a sequel in 2003. But it's one of the interesting things about writing biography that the people you write about never leave your life, but continue to follow you around. Catherine Cookson was a big part of my life for five or six years. I still own small objects that used to belong to her, have tapes on the shelf that once recorded her voice - strong, vibrant, rather low-pitched with that instantly recognisable 'Geordie' accent. I have her birth certificate, her wedding certificate and a traycloth embroidered by a fan as an anniversary present. We have other oddments too, the result of an amazing stroke of luck. When Catherine's belongings were auctioned off after her death, I couldn't afford to buy any of the memorabilia and most of the really interesting material was already earmarked for museums and archives. But Neil bought a couple of carrier bags of electronic bits and pieces from the Cookson garage. The miscellany inside them included Tom's camera, the family slide projector and a whole collection of slides - intimate photographs of Catherine and her houses, which we still own.
The tapes were another surprising windfall. I knew that her first agent, John Smith, had written a biography authorised by Catherine herself, which had never appeared. But it proved impossible to trace him, as he had retired and it seemed no one in the Cookson camp wanted me to meet him. I was invited to Catherine's memorial service and there, by a wonderful coincidence, I met John Smith. He was an extremely interesting man, who told me that Catherine, who had requested a 'warts and all' biography, had hated the result, which he had agreed to destroy. He said he would be very happy to talk to me about it. A few weeks later, a jiffy bag arrived in the post with a collection of tapes which Catherine had recorded for him, talking frankly about her life and discussing areas of it that she had never talked about publicly before. It was the most remarkable gift for a biographer and it altered the whole character of the book because the tapes revealed the difference between Catherine's actual life and the public version of her autobiography she had always preferred.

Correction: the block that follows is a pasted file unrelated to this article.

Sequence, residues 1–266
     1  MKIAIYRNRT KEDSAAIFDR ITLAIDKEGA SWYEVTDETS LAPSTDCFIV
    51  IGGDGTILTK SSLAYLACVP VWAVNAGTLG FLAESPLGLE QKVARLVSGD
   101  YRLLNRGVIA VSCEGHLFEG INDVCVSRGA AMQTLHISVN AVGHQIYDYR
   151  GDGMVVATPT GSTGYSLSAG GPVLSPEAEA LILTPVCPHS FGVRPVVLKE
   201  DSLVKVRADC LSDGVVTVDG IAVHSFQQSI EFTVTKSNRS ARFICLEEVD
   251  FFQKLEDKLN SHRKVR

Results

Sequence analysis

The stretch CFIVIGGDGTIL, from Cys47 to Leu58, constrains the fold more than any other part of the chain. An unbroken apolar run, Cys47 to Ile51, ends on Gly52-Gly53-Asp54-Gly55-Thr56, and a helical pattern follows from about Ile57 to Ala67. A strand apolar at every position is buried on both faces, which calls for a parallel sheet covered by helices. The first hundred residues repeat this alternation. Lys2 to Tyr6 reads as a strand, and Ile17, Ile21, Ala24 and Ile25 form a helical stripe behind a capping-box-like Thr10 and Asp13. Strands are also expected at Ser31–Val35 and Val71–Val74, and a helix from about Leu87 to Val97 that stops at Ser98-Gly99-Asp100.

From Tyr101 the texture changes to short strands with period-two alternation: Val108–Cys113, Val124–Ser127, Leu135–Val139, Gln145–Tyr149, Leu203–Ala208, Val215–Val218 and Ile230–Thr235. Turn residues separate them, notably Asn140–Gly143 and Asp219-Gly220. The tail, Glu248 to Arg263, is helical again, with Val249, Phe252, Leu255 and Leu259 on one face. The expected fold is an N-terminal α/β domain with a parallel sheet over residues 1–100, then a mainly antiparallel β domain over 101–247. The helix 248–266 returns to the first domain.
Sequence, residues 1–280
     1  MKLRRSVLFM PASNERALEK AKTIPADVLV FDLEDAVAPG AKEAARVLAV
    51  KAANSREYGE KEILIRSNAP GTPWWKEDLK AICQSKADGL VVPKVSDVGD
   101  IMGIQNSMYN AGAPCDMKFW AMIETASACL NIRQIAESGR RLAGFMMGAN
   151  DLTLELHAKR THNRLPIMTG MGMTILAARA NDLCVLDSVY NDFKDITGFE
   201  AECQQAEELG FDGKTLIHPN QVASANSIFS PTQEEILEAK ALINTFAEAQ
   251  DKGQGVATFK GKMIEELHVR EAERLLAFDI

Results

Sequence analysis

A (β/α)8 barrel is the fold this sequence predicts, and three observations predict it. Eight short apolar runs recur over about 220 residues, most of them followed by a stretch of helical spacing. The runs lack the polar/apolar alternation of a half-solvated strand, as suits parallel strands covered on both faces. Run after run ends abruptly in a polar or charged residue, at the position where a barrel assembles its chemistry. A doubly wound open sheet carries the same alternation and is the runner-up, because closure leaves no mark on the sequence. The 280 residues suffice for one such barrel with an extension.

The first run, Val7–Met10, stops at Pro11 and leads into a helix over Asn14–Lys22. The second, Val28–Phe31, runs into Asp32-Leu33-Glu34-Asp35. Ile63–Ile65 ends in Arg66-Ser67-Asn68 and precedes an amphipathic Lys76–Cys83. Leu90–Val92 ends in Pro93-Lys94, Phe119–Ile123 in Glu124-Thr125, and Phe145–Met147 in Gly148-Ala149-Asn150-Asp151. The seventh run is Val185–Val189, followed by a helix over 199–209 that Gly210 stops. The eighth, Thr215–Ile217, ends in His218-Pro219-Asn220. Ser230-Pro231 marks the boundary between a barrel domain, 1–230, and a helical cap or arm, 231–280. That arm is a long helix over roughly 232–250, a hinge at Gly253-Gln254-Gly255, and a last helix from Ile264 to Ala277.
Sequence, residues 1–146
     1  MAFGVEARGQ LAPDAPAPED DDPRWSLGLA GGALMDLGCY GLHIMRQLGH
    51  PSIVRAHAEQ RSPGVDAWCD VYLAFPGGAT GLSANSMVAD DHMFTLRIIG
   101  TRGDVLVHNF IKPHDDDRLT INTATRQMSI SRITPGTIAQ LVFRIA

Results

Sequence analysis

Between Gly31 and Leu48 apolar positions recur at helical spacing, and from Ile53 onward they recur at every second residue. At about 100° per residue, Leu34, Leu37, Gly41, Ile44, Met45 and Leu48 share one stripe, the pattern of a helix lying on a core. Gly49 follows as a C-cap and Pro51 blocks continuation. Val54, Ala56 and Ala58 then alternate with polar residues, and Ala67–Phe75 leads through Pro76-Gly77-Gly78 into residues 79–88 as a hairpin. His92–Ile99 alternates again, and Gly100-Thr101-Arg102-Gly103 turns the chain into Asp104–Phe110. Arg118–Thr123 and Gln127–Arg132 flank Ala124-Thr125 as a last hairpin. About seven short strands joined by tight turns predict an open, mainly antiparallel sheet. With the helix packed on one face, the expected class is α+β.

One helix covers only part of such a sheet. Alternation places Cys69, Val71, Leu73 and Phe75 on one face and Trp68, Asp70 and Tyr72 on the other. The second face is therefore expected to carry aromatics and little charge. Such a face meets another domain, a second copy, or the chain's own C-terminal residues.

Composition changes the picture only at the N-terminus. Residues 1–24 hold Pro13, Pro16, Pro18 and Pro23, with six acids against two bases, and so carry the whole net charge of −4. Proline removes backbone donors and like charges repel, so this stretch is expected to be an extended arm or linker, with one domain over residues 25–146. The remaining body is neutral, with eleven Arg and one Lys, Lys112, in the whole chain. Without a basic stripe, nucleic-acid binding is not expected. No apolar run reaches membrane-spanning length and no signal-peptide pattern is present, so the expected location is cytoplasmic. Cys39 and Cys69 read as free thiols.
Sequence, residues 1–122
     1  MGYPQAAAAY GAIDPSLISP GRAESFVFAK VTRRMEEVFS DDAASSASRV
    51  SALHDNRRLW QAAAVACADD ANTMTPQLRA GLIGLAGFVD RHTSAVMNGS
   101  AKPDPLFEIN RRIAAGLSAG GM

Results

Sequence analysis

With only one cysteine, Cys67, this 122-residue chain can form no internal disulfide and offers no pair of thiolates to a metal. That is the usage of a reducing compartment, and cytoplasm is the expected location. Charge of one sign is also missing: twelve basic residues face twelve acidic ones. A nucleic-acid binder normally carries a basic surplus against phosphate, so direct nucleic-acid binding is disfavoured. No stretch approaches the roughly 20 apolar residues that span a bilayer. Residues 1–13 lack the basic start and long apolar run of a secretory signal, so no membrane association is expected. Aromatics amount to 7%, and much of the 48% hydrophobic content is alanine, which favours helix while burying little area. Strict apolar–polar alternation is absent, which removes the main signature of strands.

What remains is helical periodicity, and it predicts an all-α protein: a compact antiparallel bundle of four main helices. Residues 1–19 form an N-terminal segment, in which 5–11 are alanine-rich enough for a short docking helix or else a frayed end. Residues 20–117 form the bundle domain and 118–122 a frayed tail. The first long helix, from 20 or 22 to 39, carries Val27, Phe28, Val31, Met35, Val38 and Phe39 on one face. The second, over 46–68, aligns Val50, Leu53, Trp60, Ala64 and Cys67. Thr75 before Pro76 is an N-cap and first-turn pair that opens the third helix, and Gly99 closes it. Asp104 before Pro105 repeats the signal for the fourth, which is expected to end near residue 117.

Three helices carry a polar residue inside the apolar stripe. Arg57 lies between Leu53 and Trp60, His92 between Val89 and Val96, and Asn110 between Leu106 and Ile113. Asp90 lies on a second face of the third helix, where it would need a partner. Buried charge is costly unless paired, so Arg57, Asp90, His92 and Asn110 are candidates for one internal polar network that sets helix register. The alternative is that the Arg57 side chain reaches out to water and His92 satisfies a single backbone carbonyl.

She was, without a doubt, one of the 20th centuries most remarkable women. Born before women's emancipation, an illegitimate child in one of the poorest communities in the western world, given little education, she nevertheless became one of the richest women in Britain, and one of the world's best-selling authors.
Catherine's vast output of novels and memoirs has always been sneered at by critics and the academic establishment, despite the fact that she created her own genre and wrote some excellent books. Now a university press in America is giving her the attention she deserves as a writer, rather than just a remarkable woman. Her stories of the 'social history of the north east' are going to be put into the context of the regional novel, alongside Walpole, Hardy, Scott, Gaskell and many others. It's a totally new field of research, called 'Cookson Studies'.
I'm finding the Preface difficult though, because my head is so full of that other Katherine, and I'm not at home in my office with my books and papers around me, but working in a strange library, or on someone's kitchen table. No point in complaining though - as a writer you have to meet deadlines whatever is going on in your private life.
The new book is to be called, Catherine Cookson Country: On the Borders of Legitimacy and should be available from Ashgate next year (if I ever finish the preface!)